Updates on Projects to Manage Weeds and Turn a Dying Timber Stand Into Pasture

  I am often reminded of my old professor Dr. Breakey, especially lately as I review the results of two recent "field experiments." Project 1: What in Tar(weed)Nation? Managing a New Weed Last spring I wrote about a massive invasion of Tarweed that had dominated a large chunk of the ranch. Those nasty plants interfered with my grazing plans and made me nervous enough to consider declaring war: call in the boom sprayers or maybe one of those WWI airplanes and get to spreading poison. Cooler heads prevailed. Instead, I learned more about my "enemy" and decided to modify my grazing strategy to take it into account as I moved through pastures.   This year, the Tarweed is in remission, or perhaps just significantly delayed. There are still plenty of small, immature Tarweed plants, but last year at this time they were three feet tall and dominating the pasture with stinky, un-grazeable plants. My strategy this year was to graze those paddocks early and then abandon the paddocks until late summer, after the Tarweed dried off. This year, those same pastures were covered by immature daisy plants early in the spring. The cattle worked these over pretty well during an early grazing pass. Following more rain, the Daisies returned with gusto, covering the “tarweed pastures”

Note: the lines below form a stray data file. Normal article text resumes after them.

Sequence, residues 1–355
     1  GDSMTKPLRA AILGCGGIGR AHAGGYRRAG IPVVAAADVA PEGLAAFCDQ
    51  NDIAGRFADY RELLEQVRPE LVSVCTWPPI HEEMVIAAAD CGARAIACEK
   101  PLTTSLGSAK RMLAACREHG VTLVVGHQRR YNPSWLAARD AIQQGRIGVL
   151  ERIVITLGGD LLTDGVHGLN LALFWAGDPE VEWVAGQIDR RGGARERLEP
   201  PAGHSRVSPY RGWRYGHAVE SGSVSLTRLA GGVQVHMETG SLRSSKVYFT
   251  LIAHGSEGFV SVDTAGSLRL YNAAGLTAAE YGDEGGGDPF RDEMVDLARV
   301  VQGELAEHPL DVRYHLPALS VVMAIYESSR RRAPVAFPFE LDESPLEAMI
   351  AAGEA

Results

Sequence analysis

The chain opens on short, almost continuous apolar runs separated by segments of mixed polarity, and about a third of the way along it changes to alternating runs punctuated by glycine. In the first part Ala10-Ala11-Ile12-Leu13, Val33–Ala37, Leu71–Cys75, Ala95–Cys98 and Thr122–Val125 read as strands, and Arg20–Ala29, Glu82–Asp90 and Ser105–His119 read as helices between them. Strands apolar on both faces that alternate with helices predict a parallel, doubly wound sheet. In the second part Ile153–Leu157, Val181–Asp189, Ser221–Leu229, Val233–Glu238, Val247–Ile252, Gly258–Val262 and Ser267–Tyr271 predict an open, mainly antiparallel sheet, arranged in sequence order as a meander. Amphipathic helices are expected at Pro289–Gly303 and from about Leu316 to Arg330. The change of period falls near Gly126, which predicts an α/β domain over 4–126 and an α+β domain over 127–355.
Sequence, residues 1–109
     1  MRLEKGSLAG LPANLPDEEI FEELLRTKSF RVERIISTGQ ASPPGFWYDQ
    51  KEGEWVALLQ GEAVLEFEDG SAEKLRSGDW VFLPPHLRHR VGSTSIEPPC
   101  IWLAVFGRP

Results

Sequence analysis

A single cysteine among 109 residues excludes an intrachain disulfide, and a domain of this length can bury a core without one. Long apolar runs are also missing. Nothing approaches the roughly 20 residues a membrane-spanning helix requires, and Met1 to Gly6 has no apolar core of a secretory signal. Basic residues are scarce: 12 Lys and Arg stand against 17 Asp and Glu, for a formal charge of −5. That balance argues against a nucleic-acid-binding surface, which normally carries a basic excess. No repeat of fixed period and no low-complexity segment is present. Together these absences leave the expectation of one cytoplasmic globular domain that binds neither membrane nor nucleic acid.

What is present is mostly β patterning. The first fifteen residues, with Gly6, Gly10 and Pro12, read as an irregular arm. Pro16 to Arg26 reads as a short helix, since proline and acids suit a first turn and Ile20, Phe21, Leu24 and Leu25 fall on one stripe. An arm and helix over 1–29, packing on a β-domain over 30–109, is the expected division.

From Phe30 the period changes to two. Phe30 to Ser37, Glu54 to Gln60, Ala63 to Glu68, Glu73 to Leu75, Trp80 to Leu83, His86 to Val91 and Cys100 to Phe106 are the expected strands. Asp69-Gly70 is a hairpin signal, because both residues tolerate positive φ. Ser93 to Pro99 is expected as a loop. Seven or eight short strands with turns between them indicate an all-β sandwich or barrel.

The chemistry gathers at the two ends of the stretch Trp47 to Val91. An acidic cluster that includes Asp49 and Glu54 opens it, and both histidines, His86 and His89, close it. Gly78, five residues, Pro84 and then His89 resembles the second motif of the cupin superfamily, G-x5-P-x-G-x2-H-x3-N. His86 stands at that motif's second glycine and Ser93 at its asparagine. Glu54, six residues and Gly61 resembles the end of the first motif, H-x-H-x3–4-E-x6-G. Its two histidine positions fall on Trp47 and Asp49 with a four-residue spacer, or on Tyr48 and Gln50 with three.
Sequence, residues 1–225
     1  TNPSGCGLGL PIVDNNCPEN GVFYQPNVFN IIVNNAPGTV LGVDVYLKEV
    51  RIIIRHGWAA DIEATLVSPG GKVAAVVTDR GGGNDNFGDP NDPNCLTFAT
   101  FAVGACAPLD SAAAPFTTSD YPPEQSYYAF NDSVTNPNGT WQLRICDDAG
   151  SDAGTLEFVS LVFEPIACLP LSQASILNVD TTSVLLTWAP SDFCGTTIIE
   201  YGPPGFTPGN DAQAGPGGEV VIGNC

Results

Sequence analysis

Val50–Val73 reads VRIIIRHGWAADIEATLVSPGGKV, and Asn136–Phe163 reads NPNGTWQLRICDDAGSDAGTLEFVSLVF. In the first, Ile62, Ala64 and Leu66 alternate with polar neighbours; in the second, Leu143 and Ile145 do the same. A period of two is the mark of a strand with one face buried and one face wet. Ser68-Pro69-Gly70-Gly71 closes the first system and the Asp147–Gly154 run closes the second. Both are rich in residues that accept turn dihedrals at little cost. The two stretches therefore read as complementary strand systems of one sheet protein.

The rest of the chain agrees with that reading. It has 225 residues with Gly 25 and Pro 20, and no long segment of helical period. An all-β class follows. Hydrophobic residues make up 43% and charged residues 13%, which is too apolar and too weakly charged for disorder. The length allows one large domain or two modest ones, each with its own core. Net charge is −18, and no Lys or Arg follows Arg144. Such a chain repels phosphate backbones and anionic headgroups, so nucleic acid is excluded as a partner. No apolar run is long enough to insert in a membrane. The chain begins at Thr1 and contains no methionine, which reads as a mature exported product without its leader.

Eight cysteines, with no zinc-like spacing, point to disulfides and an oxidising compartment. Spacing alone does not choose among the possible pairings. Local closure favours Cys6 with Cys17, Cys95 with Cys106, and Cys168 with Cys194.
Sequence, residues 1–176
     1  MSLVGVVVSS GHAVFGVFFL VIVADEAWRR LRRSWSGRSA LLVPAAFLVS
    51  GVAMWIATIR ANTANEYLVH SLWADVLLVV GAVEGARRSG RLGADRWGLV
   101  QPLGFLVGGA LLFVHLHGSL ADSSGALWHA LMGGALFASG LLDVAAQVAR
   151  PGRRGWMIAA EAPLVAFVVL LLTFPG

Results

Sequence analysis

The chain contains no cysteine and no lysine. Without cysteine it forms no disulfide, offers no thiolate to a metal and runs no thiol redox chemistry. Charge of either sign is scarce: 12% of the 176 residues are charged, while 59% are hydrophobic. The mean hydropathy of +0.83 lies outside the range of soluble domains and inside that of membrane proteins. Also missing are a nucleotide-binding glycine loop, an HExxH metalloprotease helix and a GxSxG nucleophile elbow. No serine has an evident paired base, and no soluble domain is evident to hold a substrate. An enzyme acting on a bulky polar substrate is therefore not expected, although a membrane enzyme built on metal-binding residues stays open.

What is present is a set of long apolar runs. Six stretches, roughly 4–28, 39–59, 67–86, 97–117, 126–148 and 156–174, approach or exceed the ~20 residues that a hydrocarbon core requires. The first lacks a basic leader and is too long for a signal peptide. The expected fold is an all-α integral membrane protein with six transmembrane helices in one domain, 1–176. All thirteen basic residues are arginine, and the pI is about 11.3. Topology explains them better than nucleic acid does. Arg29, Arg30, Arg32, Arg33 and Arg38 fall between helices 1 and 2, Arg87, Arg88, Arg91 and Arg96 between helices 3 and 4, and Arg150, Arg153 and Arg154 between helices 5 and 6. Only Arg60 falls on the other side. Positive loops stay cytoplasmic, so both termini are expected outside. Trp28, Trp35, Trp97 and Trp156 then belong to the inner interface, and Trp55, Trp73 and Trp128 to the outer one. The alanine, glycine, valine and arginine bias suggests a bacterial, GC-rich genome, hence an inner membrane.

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One thought on “Updates on Projects to Manage Weeds and Turn a Dying Timber Stand Into Pasture

  1. If the daisies are oxeye daisies, they may (probably) indicate the soil is low in sulfur. At least, in our area of central B.C. that’s the case.

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